Generous space standards
Generous space standards may be required for several reasons when building for people with autism. A primary factor is the requirement for generous amounts of ‘personal space’ due to the possible distress people on the spectrum experience through touch, smell, sounds and the presence other people. Extra space is also needed when people have vestibular problems with balance and orientation in space and/or proprioceptive issues, which together may result in bodily clumsiness. (See the 7 senses.) Such clumsiness often results in collisions with furniture, doors, walls etc., unless extra space is provided.
A colleague at the Dutch Dr. Leo Kannerhuis, center for autism, notes:
“In the circumstance of a “too-limited” space, stimuli are closer to the person with autism. The social information per cubic yard is high in that case. This leads to overstimulation and raises stress levels. In case there is sufficient space, the concentration of social information is lower which gives rise to less stimuli, better stimulus processing, more successful interactions, more positive feed-back, a more positive self-image, and so on.”
‘Generous space standards’ are strongly argued in five of the seven articles provisionally designated as the core literature. Khare & Mullick are rather outspoken on this matter, providing several arguments:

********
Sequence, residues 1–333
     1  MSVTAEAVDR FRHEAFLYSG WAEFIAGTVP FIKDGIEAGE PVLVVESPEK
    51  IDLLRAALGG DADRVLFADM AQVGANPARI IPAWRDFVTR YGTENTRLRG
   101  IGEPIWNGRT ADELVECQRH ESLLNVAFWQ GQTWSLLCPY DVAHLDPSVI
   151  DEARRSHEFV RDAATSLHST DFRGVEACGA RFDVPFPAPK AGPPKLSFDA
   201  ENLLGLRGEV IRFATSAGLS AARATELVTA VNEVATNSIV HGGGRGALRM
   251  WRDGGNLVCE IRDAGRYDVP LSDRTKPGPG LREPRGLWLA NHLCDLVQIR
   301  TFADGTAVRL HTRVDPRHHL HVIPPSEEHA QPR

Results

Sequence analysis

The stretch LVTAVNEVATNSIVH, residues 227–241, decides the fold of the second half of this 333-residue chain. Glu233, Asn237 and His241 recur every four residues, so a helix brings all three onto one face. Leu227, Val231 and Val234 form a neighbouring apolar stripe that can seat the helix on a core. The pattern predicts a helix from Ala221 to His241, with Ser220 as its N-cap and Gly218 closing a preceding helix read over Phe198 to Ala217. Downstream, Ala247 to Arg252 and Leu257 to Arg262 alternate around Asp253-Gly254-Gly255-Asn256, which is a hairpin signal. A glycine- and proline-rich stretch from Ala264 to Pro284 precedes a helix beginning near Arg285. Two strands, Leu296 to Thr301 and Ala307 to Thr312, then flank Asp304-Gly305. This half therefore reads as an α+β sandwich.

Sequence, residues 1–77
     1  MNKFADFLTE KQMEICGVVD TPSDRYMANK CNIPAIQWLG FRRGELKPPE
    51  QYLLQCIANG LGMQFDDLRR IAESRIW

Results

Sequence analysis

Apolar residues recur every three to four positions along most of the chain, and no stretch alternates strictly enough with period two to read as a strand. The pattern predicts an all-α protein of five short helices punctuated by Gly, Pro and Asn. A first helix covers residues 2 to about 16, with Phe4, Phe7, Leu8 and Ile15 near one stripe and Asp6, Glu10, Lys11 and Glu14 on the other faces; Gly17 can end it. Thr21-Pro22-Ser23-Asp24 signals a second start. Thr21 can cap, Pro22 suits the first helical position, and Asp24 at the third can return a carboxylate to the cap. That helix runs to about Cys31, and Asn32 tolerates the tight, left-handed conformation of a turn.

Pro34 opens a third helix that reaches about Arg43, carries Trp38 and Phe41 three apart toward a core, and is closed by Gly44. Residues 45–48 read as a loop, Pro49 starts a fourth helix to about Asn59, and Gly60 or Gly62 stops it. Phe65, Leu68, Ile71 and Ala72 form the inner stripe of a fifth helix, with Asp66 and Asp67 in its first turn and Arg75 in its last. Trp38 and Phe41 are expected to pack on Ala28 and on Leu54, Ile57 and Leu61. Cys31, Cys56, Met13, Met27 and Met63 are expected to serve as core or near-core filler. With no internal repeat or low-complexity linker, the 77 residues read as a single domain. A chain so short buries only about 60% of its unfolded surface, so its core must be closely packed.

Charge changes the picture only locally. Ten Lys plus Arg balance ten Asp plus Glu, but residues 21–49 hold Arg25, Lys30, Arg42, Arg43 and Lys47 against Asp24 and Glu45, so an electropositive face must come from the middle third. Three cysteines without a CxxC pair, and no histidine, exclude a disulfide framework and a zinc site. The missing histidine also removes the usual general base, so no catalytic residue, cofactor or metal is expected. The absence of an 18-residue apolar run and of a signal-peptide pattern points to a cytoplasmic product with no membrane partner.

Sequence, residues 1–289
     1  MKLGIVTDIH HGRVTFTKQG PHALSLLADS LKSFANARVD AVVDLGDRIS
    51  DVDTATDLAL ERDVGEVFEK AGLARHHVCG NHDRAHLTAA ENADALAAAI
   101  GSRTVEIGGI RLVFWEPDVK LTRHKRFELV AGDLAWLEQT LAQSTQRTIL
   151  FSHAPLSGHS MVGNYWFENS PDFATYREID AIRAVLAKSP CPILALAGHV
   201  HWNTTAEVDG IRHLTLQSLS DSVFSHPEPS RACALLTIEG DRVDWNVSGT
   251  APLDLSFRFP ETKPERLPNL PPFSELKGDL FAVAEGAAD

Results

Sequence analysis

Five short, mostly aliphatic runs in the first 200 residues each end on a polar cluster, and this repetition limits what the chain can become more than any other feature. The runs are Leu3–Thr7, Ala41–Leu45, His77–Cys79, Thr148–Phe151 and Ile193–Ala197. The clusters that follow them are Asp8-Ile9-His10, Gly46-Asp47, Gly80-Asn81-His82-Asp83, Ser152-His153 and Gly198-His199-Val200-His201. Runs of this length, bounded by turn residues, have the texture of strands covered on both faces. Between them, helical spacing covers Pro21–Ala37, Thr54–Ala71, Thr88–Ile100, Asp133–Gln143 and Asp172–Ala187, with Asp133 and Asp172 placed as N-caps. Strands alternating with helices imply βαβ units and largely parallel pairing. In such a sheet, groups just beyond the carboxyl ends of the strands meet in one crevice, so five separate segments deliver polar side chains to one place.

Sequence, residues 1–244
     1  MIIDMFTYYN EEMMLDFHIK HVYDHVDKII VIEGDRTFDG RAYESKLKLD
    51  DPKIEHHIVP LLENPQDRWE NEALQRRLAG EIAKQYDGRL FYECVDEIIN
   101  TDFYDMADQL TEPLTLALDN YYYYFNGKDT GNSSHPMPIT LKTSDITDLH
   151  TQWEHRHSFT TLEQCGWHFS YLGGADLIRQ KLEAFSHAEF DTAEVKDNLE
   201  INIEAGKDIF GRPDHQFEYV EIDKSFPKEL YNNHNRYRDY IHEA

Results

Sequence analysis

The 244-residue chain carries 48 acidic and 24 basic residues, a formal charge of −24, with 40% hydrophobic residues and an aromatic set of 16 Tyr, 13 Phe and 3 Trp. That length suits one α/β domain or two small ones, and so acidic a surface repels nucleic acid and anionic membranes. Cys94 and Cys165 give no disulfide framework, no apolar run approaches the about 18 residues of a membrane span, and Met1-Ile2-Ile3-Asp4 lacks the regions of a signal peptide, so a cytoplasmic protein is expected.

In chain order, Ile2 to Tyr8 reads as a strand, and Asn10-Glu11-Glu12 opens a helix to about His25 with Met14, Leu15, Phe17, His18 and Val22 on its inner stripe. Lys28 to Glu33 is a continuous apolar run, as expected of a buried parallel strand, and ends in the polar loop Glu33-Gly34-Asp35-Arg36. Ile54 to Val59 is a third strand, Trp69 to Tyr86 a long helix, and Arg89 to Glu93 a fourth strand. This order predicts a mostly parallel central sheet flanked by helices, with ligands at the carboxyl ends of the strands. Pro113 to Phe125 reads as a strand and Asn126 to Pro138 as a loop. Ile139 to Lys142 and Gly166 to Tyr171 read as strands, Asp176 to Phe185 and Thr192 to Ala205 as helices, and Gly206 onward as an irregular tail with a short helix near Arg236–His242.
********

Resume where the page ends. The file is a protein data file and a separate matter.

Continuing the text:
- it helps deal with social stimuli comfortably
- it avoids overcrowding
- the increased quantity of facilities reduce waiting.
Simon Humphreys also emphasizes the importance of personal space; introducing the concept of ‘proxemics’:
“Proxemics is defined as the branch of knowledge which deals with the amount of space that people feel is necessary to set between themselves. Proximity is the condition of being near or close. This personal space surrounds the body.”
Most people guard this space to some degree. This is different in different cultures. In the United States, for instance, the interpersonal distance between two people engaged in conversation is twice that of Japanese in Japan. With autism, this personal space can be greater and more sensitive. Over the course of a normal day, this space is often infringed upon. In a building, spaces are defined by ceilings and walls. If they are too close, the space is limited. To provide generous circulation, generous allotments for space in an environment help reduce “the impact of this infringement”.
One of Lindsey Nebekers nine ingredients for a successful relationship is ‘respecting each others personal space’: “For a couple with autism, space is not overrated. Inside the living space, it is essential to dedicate at least one area per person inside the living space to retreat to when he/she wants to be alone. Having our own dedicated personal space allows us to maintain the lifestyles we were previously used to.”
McAllister & Maguire make a number of recommendations which are almost ‘evidence based’, concerning younger autistic children in special education. According to them “Those with ASD often require greater personal space around them in which to feel comfortable in comparison to others.” They advise classrooms for this group in which there is approximately 10 square meters, excluding storage and toilets, per pupil.
Finally, note, however, that people with autism may be just as likely to need small, contained, spaces.